Gratitude is the sign of noble souls.
— Aesop

  For any organization to maintain a healthy connection with their donors, board, and team - the leadership must master the art of saying 'thank you'

  It is important for non-profit leaders to not only commit to clearly communicating the mission of organization but also to consistently communicate  gratitude to the people who give their time, money, and energy to accomplishing the mission. When an organization possesses a strong DNA of appreciation, there is s strong foundation for passion, loyalty, unity and perseverance to be built into the culture. 

     There are three things to keep in mind when mastering the art of saying 'thank-you'. 

1) BE Consistent. 

      Non-profit leaders need to commit to consistently showing their appreciation to their staff, volunteers, board, and donors. The rule of thumb is that you can never saying 'thank you' too much. Leaders can help themselves lead from a position of gratitude by literally scheduling periodic times when they communicate their personal appreciation, such as : staff lunches, personal phone calls to board members, hand written cards to volunteers, and opportunities for donors get an inside peek into the outcomes of the mission. It is important that NFP leaders understand that saying  "thank-you" will take up 'time' but the benefits will be well worth the time spent.


2) CHOOSE to Customize.

      The art of saying thank-you requires the recognition that a one-size 'thank-you' will not fit all. Leaders should spend TIME to think of the most appropriate and effective way to say thank you to the different  groups of people that help carry out the mission. A general email to the board, donors, volunteers, and staff can come across as insincere. When leaders the take time to customize their 'thank-you' it will not go unnoticed. The more  personal attention given to the appreciation, the greater its effect.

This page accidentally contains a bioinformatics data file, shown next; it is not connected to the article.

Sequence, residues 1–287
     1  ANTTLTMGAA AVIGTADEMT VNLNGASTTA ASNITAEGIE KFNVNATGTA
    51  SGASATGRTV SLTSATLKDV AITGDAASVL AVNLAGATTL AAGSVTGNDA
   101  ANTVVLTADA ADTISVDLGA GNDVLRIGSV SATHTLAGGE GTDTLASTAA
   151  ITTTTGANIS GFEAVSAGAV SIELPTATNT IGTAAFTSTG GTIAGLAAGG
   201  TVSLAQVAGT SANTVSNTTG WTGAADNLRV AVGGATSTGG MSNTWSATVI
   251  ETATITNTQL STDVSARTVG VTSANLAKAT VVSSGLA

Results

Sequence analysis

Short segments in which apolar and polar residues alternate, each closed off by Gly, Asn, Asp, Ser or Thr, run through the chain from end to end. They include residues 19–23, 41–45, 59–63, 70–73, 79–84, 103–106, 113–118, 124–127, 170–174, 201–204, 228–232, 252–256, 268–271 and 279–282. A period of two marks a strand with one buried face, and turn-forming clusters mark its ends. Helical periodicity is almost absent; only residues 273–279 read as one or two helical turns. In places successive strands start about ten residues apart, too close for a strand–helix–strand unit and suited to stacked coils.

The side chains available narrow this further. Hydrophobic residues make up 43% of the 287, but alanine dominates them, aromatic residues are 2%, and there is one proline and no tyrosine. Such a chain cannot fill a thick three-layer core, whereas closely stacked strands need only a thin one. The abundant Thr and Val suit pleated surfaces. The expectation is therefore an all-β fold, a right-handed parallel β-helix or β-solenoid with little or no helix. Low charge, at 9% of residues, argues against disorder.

3) GET Creative.

    Creative appreciation is appreciated! When leaders go beyond the standard way of saying 'thank-you', they communicate "value" to people they are extending gratitude towards. For example: holding a fun award ceremony for volunteers is a creative way of saying thanks that goes beyond the standard 'thank you note'. It not only creates an opportunity for volunteers to experience fun together but it gives a sense of unity in which, "we are all in this together". The best way for a leader to become more creative in saying 'thank you' is to invite their creative team members to help them in this endeavorer. Finding new and fun ways to communicate gratitude can become a team effort which will further strengthen the organization's culture of appreciation!



      When people are left un-thanked and unrecognized for how they give - they will eventually burn out or lose their passion for the mission. No matter how busy things get or challenging, leaders should make it a priority to master the art of saying thank-you. Where gratitude is sown, passion is reaped. 

Always your friend,